I have to get off this busy road so I inflate the bleeding tire and limp into a gas station on the border where I fill it with a can of stop leak. It continues to leak and bleeds out the stop leak all over the parking lot. The next town, Centerville Iowa, is 30 miles away and my only hope for finding a tire so I inflate the tire and jump back on the road hoping that I'll make it. I don't. I go about ten miles before the tire is flat so I pull over, inflate, and repeat. — in Lancaster, Missouri.
Centerville, Iowa. The only motorcycle shop in the area that is open tells me that they wouldn't be able to get a tire for me until Friday, today is Monday. I'm losing count of the things going wrong. My little air compressor has started to get louder and pump less so I buy a bigger compressor to take over. I also pick up some more tire stop leak just in case this compressor dies and I need to get another 10 miles down the road. It is a humid 90 degrees and what I really need is an AC compressor. I'm soaked in sweat. — in Centerville, Iowa.
I fill the still bleeding tire and head north...right into a wall of water. Normally this wouldn't be an issue because I have rain gear. But the rain came suddenly and my clothes were stuck to me from the heat and would have prevented me from changing gear in time as my tire continued bleeding to death so I just kept riding. This wasn't a sprinkle; cars were pulling over but this idiot kept riding, soaked to the bone. Water pools up in my crotch and reminds me that I need to use the restroom. I think about the movie dumb and dumber and wonder if I should. Did I?
The rain cascaded down and filled up my boots, and they stay filled because they are waterproof after all. I later develop trench foot and am left wondering how Aquaman can spend the entire day in the water. The storm was heavy but brief but the damage was done, I was soaked. No time to dwell on the negative when I needed to put on some miles. At least I wasn't sweating anymore.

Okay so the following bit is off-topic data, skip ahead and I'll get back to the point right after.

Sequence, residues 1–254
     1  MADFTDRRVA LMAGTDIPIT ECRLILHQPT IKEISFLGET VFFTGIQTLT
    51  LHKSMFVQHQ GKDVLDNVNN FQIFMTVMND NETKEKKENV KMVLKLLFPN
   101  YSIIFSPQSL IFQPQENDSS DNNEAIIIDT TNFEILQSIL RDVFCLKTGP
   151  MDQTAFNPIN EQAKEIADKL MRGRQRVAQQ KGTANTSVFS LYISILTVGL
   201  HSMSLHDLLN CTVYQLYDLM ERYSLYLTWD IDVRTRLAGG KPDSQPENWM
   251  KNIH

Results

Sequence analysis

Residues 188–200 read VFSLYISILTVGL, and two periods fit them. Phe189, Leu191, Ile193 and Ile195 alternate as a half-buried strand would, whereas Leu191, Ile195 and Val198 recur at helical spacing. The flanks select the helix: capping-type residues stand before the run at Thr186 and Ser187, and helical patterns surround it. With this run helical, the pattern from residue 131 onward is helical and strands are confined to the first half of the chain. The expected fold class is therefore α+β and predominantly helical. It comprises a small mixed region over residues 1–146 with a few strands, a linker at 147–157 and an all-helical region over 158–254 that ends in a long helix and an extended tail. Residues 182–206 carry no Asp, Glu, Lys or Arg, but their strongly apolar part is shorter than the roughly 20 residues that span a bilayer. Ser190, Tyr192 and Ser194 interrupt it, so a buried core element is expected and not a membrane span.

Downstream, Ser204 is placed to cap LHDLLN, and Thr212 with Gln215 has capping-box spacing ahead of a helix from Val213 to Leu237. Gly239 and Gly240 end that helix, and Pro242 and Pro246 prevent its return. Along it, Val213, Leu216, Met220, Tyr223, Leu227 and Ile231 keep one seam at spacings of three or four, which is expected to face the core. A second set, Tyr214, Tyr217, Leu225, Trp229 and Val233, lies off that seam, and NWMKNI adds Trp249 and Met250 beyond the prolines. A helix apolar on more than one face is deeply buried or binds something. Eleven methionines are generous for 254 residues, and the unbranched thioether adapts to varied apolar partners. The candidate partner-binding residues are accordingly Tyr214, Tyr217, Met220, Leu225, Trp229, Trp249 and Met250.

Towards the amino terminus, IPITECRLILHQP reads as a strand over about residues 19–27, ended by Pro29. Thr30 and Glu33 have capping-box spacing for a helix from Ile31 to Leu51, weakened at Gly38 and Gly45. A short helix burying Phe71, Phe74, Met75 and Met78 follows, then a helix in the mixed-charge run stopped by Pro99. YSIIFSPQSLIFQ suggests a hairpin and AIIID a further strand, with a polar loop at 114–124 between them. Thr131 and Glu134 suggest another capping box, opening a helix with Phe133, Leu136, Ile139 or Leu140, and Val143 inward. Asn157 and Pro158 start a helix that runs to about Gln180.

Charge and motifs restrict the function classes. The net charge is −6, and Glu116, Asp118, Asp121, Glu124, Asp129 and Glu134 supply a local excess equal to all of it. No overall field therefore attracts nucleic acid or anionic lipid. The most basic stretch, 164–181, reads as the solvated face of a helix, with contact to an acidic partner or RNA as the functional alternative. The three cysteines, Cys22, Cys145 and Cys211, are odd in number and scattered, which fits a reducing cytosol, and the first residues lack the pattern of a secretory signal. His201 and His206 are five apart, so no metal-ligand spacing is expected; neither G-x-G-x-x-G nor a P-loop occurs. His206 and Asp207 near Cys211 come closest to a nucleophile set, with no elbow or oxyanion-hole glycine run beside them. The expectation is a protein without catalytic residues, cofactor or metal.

Every pit stop became a well orchestrated dance between me and my dancing partner, the bike. Visor up, bike on side stand and then up on the center stand. plug in compressor, fill tire to compressor max, quickly throw air compressor into tank bag while mounting bike, push bike off of stand and hit the gas. I would barrel down the nearly arrow straight county roads in a race against time as the tire lost 2 psi/minute. I'd ride 10 miles as fast as I could and then pull over before the tire lost so much air that the plug would pop out. — in Knoxville, Iowa.
Eight hours have passed since the tire puncture and the sun is starting to go down. It will be dark soon and things are looking bleak for me. I know I won't make it home tonight and I don't even know if I'll make it to the next town. After only logging one mile since the last inflation, another tire plug fails. Only three of the original ten plugs remain. I won't make it at this pace. I stood there watching the sky blushing towards darkness and wondered why I was okay with this, why I'm not yelling or crying. Shit has really gone down hill and it is getting worse with the sun going down and my tire plug supply dwindling. Should I cry? Sometimes I enjoy a good tear jerking movie or a touching story that brings me to tears because it feels so good afterwards. I look at my situation and decide that I should cry but when I try, I can't. I laugh instead. Sure it would take me a day to reverse the dehydration that turned my urine orange (No, I didn't do the Dumb and Dumber) but I was secretly loving this. I was loving the challenge. I was loving the adventure. — in Nevada, Iowa.
No matter how much pain he caused me, it was sad to say goodbye. When we met I was full of dreams of all of the places we could see together while traveling the country. The relationship was so full of potential. Part of the sadness in letting go of someone is from losing that person but another part comes from letting go of all of the dreams you created with that person. I let go of the Evil Monkey on the edge of a corn field in Iowa. I apologized for taking him away from his view of the bluffs above the Missouri River and then said goodbye.
I looked back and saw him sitting there gazing west at the setting sun with his bright eyes and welcoming embrace and he truly looked happy. And my tire held air the remaining 180 miles to home.
Yamaha FJR1300, Honda RC51 (the 51), BMW F650 Dakar, and a Yamaha WR250F. He is always looking to go on another adventure including dating your hot sister/mom/friend/goat/etc. Electronic reprints of this story are available by refreshing your browser and sending the author a good bottle of Riesling. Ride on.